lefty's random dog thread.

Discussion in 'General Chat' started by lefty, Mar 22, 2009.

  1. JLibourel

    JLibourel Senior member

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    It's tough to lose a dog to bloat. By the time you figure it out it's usually too late.

    lefty


    Tell me about it. I lost two great Tosas to bloat.

    Frankly, I have serious misgivings about the health of dogs in general, and the cost of veterinary medicine has escalated so frightfully in recent years that it has been a major reason why I have not gotten another dog.

    I get a very dark feeling whenever I go by a veterinary clinic. I don't see them as centers of health, healing and wellness for dogs--I just see them as money-gouging death houses. It's not fair or rational, I know, but nonetheless, that's just the way I feel.
     
  2. lefty

    lefty Senior member

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    When you consider the genetic freaks that we've created, I think we expect too much from our dogs in terms of longevity and overall health.

    Or maybe we should look into these:

    [​IMG]

    Longevity 25 - 40 years.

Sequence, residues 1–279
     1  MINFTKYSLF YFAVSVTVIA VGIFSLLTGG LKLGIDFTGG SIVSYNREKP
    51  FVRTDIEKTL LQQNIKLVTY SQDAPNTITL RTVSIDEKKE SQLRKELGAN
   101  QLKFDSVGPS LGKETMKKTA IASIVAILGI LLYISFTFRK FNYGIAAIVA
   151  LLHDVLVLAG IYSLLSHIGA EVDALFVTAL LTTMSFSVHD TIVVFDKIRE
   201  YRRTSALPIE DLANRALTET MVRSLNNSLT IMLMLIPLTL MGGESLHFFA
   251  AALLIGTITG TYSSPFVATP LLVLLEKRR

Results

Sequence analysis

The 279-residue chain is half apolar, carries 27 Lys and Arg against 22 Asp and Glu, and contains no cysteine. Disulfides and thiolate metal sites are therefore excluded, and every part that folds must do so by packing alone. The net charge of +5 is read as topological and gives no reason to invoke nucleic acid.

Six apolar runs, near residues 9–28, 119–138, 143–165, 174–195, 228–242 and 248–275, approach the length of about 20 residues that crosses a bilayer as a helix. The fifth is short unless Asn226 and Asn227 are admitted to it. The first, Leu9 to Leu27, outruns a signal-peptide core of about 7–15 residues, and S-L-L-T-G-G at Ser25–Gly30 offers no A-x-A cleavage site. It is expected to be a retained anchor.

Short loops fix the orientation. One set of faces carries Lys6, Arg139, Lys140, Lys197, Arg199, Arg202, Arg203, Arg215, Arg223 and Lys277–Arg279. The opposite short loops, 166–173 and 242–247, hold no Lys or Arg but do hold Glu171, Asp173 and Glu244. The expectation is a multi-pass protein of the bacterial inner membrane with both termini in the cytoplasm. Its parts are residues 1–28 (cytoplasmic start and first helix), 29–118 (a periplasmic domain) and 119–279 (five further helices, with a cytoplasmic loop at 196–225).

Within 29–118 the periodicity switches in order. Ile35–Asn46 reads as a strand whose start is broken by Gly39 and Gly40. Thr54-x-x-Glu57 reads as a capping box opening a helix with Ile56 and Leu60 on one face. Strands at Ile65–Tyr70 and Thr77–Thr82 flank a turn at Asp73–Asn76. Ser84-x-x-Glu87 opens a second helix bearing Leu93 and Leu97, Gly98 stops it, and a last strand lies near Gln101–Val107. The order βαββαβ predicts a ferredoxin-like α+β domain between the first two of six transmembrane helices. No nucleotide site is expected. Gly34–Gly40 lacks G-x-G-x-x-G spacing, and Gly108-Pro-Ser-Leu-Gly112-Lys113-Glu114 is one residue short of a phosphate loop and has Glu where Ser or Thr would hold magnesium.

lefty
     
  3. JLibourel

    JLibourel Senior member

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    Actually more closely related to cats than dogs. I have been told that they make extremely devoted pets. The downside to them is that they have positively enormous appetites. Gunwriter/adventurer Jack Lott told me that you can feed a lion for the same cost as a hyena. I seem to recall that the ancient Egyptians tried domesticating them.

    When it comes to genetic freaks, what are your thoughts on the Carolina Dog? That seems to be about as "natural" a dog as one can find. A woman in my neighborhood is into primitive dogs and has a dingo (although she admits her dingo may not be "pure"). She told me that a neighbor had a Carolina Dog and it seemed much more "doggy" than her dingo. I suppose the very "primitiveness" of primitive or natural dogs--genetic shyness, fear of unfamiliar situations, predaciousness, etc.--tends diminish their appeal as household companion dogs. However, you can find a lot of mixed-breed dogs at most pounds, I suspect, that closely resembled the primitive/pariah I dog. I fear, however, that many of them carry the same screwed up genes as many pure-breds.